No canned talk on 29th Ward community show

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Wanted: Personable, approachable adults who can engage different people in conversation. Unafraid of being taped for television. Host experience not required. Must be residents of the 29th Ward.

If you fit this picture, you, too, could be a part of “The 29th Ward Community Show.”

Screen tests again will be conducted to host the 30-minute cable television program focusing on all things related to the 29th Ward. The program could begin broadcasting on the Chicago Access Network (CAN-TV) later this fall. Shows will also be posted on YouTube.

Eric Taylor, the owner of TaeSue Entertainment and the show’s producer, said he got a few good prospects during last month’s auditions at Austin Town Hall. Taylor said he’d like to have as many as eight hosts ready so that he can change the on-air talent each quarter to keep the show fresh. He noted auditions will likely be held throughout the year.

Prospects were revved up by their possibilities.

Roderiq Montgomery, 34, is engaged in a variety of activities, including organizing block parties and cleaning up the yards of Austin’s elderly. Hosting a community show would take his involvement to “a whole new level,” he said.

“This will help me put my face out there so people can see what I’m about,” said Montgomery, who likes on-air host Steve Harvey’s positive perspective on life. “It’ll make my presence more felt.”

Traci Burgess, 38, a cosmetology student at Truman College, said this will be a good opportunity for her to interact with people on different issues.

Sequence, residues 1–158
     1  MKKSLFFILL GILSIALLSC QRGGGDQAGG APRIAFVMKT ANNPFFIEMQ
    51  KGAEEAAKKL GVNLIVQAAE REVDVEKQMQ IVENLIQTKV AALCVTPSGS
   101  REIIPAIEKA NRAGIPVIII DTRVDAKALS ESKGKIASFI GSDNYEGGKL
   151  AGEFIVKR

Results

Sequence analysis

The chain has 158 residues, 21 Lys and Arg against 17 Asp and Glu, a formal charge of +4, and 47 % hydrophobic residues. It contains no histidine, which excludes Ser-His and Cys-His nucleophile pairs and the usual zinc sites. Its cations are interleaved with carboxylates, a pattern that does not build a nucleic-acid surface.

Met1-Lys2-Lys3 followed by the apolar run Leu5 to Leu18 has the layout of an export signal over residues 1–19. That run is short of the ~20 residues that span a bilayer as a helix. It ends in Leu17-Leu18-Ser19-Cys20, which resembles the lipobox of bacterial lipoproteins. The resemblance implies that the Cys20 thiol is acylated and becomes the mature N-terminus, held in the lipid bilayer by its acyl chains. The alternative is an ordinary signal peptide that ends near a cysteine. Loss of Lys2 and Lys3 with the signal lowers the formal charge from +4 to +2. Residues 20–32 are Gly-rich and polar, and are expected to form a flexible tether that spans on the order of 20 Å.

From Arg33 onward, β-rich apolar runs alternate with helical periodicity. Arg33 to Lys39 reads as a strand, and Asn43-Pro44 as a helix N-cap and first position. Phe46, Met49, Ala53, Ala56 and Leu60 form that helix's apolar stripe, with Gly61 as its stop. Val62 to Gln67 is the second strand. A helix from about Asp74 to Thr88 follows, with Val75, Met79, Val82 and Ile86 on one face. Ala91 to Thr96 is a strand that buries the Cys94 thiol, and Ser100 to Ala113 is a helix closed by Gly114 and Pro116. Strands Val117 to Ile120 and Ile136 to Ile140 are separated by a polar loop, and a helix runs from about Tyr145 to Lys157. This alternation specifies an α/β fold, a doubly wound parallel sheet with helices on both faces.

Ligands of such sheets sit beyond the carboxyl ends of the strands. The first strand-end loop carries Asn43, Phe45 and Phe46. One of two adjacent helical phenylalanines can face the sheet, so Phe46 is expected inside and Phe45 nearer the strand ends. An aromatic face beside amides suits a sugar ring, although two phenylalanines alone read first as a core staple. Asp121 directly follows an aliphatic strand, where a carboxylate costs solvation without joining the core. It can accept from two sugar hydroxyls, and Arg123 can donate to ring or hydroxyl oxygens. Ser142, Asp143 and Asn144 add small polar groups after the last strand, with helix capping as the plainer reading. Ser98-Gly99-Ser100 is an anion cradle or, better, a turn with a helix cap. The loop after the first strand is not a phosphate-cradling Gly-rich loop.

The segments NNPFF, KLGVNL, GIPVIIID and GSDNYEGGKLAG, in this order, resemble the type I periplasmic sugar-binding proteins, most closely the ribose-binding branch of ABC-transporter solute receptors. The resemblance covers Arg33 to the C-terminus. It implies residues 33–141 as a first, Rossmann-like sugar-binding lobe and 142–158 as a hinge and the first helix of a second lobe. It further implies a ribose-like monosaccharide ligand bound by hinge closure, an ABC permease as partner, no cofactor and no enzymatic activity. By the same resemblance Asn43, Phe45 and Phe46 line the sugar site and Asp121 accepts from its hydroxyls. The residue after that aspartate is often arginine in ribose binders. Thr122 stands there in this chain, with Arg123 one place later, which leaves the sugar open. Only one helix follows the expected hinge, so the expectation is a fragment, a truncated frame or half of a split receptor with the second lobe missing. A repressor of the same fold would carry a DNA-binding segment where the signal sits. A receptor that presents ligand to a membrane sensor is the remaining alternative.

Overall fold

“I relate to people well. I listen to them. I say what I mean and stand by it. It keeps it all real,” said Burgess, who admires Joyce Behar, for her directness.

Monique Cooper, a U.S. Air Force veteran who served in Afghanistan and was also stationed five miles from the North Pole, said empathy is essential to be a good host.

“I try to talk to and be there for my friends. What I say comes from the heart,” said the 27-year-old Cooper, who also respects Steve Harvey.

The show will concentrate on critical issues, from current events and education to health and business development. The host will receive information about the topic for that particular program and from there question experts appearing on the broadcast.

“The 29th Ward Community Show” will originate from the studios of CAN-TV network but occasionally will get out into the neighborhood and community festivals.

The date for the premiere broadcast and a schedule of re-broadcasts will be set up once CAN-TV gets the tapes, said Gail Brady, a volunteer with Ald. Deborah Graham (29th).

Graham said it will be a good way to showcase the 29th Ward.

“We’ll talk about the many good things that are going on here, and there are a lot of them,” Graham said.

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